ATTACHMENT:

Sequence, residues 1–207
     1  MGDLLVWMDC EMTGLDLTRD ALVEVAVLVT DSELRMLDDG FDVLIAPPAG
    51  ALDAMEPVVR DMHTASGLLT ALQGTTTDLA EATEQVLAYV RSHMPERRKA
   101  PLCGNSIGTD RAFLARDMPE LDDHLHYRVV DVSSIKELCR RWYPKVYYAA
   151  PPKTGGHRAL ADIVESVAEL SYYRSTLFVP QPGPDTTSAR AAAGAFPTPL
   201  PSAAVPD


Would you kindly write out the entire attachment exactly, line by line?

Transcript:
Sequence, residues 1–207
     1  MGDLLVWMDC EMTGLDLTRD ALVEVAVLVT DSELRMLDDG FDVLIAPPAG
    51  ALDAMEPVVR DMHTASGLLT ALQGTTTDLA EATEQVLAYV RSHMPERRKA
   101  PLCGNSIGTD RAFLARDMPE LDDHLHYRVV DVSSIKELCR RWYPKVYYAA
   151  PPKTGGHRAL ADIVESVAEL SYYRSTLFVP QPGPDTTSAR AAAGAFPTPL
   201  PSAAVPD